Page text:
It was 1997 when a delegation of now defunct National Salvation Council (NSC), the Sodare Group, led by then Co-Chairmen Abdullahi Yusuf and Ali Mahdi Mohamed, went to Mogadishu to meet with an Italian envoy sent to mediate conflicting Mogadishu Warlords of Hussein Aideed, Ali Mahdi and Late Osman Ali Ato. I was one of that 13-member strong delegation. The intention of the Italian Envoy, Senator Serri, a deputy minister of the Italian Foreign Ministry, was to re-introduce Italy’s influence to the re-emerging Somalia from the Civil War. The idea was for Italy to be ahead of everyone else in the game of influencing Somalia as a former colonial power and power broker as the country re-instates itself from the total collapse as a failed state. The Italians believed that the obstacle to Somalia’s recovery was the warring factions of Banadir Region at the time. They had money incentives to bribe the warlords into accepting an Italian-brokered deal. Ali Mahdi wanted a piece of the cake. Abdullahi Yusuf planned to foil the Italian efforts as he thought the Italian policy was wrong-headed as he believed that Somalia couldn’t be reconstructed from the Centre, but rather from “Building-Blocks” as federated states. There was a deep mistrust between Aideed and Ato since the killing of Aideed Sr. The Italian Envoy’s mission to Mogadishu ended in spectacular fiasco to the pleasure of Abdullahi Yusuf.
Back in Nairobi enroute to Italy, and commenting on the unexpected Yusuf’s presence in Mogadishu, Senator Serri called a hasty press briefing during which he declared; “We were struck by an eagle in town”.
After two weeks in Mogadishu, we returned to Addis Ababa, the Headquarters of the NSC, to prepare for a national congress to be held in Bosaso, the North-eastern Regions of Somalia. Egypt, with the help of the traditional Ethiopian foreign policy naïveté on Somalia’s internal dynamics, had successfully undermined both the NSC and IGAD efforts to hold that National Reconciliation Congress in Bosaso. One would recall the failed Somali Peace Conference in Cairo in 1997, resulting in the demise of both the Sodare Group and “Salbalaar Government” of Hussein Farah Aideed.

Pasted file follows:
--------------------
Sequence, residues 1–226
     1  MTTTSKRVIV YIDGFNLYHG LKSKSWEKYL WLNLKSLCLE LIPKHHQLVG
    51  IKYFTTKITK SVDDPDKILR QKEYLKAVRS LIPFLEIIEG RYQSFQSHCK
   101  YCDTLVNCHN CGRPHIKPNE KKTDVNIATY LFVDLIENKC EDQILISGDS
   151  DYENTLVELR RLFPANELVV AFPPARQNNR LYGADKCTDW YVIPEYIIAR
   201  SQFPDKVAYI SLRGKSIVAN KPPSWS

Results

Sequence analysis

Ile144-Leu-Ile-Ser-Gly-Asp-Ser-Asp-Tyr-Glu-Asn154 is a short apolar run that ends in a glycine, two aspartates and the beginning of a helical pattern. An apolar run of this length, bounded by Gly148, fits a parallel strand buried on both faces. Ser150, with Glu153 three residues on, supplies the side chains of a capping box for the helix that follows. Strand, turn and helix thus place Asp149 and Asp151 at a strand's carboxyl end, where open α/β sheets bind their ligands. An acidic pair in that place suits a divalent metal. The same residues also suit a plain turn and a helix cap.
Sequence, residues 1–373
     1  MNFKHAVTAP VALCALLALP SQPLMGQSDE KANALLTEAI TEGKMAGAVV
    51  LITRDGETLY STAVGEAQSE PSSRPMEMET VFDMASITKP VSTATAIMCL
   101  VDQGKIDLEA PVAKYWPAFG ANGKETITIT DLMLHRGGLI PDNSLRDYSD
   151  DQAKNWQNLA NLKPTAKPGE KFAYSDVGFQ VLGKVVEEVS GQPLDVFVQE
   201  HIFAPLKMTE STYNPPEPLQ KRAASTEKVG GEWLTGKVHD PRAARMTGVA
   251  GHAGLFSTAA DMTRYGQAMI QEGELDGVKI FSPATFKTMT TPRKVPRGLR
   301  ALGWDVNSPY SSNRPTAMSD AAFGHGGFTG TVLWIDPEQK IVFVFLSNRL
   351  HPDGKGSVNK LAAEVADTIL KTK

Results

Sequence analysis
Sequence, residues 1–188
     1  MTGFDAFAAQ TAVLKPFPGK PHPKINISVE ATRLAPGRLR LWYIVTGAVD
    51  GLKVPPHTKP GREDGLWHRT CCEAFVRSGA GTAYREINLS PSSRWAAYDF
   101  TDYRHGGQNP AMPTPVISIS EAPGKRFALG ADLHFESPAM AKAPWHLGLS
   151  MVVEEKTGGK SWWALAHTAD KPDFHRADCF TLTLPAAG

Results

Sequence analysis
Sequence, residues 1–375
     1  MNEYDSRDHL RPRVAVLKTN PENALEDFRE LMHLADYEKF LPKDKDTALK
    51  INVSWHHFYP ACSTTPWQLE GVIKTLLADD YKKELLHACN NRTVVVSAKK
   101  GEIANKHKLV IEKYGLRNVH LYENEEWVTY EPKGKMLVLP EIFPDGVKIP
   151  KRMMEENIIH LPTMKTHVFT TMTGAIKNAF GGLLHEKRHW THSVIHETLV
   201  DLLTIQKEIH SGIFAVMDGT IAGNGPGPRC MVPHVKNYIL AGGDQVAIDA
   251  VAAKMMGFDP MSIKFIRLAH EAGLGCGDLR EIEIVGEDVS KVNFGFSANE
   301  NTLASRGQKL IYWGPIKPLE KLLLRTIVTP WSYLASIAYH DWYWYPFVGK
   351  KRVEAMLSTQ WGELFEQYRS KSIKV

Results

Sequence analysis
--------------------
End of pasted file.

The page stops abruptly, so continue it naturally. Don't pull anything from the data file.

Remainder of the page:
While in Mogadishu, we held non-stop private and public discussions with many groups, representing all walks of life. These people had two nagging questions for us to answer:
- “How do we participate in the planned National Reconciliation Congress in Bosaso”?
- “Why don’t you construct a Gara’ad Port? Bosaso Port is too far from us”.
At the time, Mogadishu Port was un-operational and closed to business. Still residents of Central Somalia thought a Gara’ad port would be very convenient for them even if Mogadishu Port were functional. At that time they were using land transport to and from Bosaso Port.
In Addis Ababa, residents from Eastern Ethiopia are land-locked as it is in the rest of the country. They were very much interested in the construction of a nearby seaport as Gara’ad.
The commercial potential of the Gara’ad Port for Somalia and Ethiopia is huge. The economic and security importance of the port in the entire region is, without doubt, very high. I strongly believe that a Gara’ad seaport would be the most convenient outlet to the Indian Ocean for the peoples of Central Somalia and Eastern Ethiopia for quick movement of goods and services along stable and secure corridor.